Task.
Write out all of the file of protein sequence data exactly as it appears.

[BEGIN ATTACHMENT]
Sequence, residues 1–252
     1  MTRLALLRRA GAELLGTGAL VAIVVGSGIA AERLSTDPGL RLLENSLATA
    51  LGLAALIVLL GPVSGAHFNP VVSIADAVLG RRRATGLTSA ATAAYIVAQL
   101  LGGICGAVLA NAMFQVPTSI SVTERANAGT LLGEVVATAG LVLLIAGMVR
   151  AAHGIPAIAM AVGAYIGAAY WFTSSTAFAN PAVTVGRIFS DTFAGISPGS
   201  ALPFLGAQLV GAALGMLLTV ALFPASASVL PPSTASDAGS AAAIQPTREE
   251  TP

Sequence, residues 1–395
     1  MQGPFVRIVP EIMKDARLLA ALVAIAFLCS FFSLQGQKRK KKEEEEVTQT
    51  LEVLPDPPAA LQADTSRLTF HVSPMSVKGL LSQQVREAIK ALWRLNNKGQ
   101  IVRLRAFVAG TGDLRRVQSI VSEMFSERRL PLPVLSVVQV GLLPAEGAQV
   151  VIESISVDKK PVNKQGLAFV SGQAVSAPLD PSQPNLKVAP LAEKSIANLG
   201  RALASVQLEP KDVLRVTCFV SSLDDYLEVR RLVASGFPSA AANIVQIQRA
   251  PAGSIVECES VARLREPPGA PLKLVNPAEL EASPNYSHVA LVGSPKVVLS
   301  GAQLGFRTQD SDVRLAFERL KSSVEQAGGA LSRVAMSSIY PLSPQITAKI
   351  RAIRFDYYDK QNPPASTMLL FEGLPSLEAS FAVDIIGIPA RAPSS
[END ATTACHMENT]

Sequence, residues 1–252
     1  MTRLALLRRA GAELLGTGAL VAIVVGSGIA AERLSTDPGL RLLENSLATA
    51  LGLAALIVLL GPVSGAHFNP VVSIADAVLG RRRATGLTSA ATAAYIVAQL
   101  LGGICGAVLA NAMFQVPTSI SVTERANAGT LLGEVVATAG LVLLIAGMVR
   151  AAHGIPAIAM AVGAYIGAAY WFTSSTAFAN PAVTVGRIFS DTFAGISPGS
   201  ALPFLGAQLV GAALGMLLTV ALFPASASVL PPSTASDAGS AAAIQPTREE
   251  TP

Sequence, residues 1–395
     1  MQGPFVRIVP EIMKDARLLA ALVAIAFLCS FFSLQGQKRK KKEEEEVTQT
    51  LEVLPDPPAA LQADTSRLTF HVSPMSVKGL LSQQVREAIK ALWRLNNKGQ
   101  IVRLRAFVAG TGDLRRVQSI VSEMFSERRL PLPVLSVVQV GLLPAEGAQV
   151  VIESISVDKK PVNKQGLAFV SGQAVSAPLD PSQPNLKVAP LAEKSIANLG
   201  RALASVQLEP KDVLRVTCFV SSLDDYLEVR RLVASGFPSA AANIVQIQRA
   251  PAGSIVECES VARLREPPGA PLKLVNPAEL EASPNYSHVA LVGSPKVVLS
   301  GAQLGFRTQD SDVRLAFERL KSSVEQAGGA LSRVAMSSIY PLSPQITAKI
   351  RAIRFDYYDK QNPPASTMLL FEGLPSLEAS FAVDIIGIPA RAPSS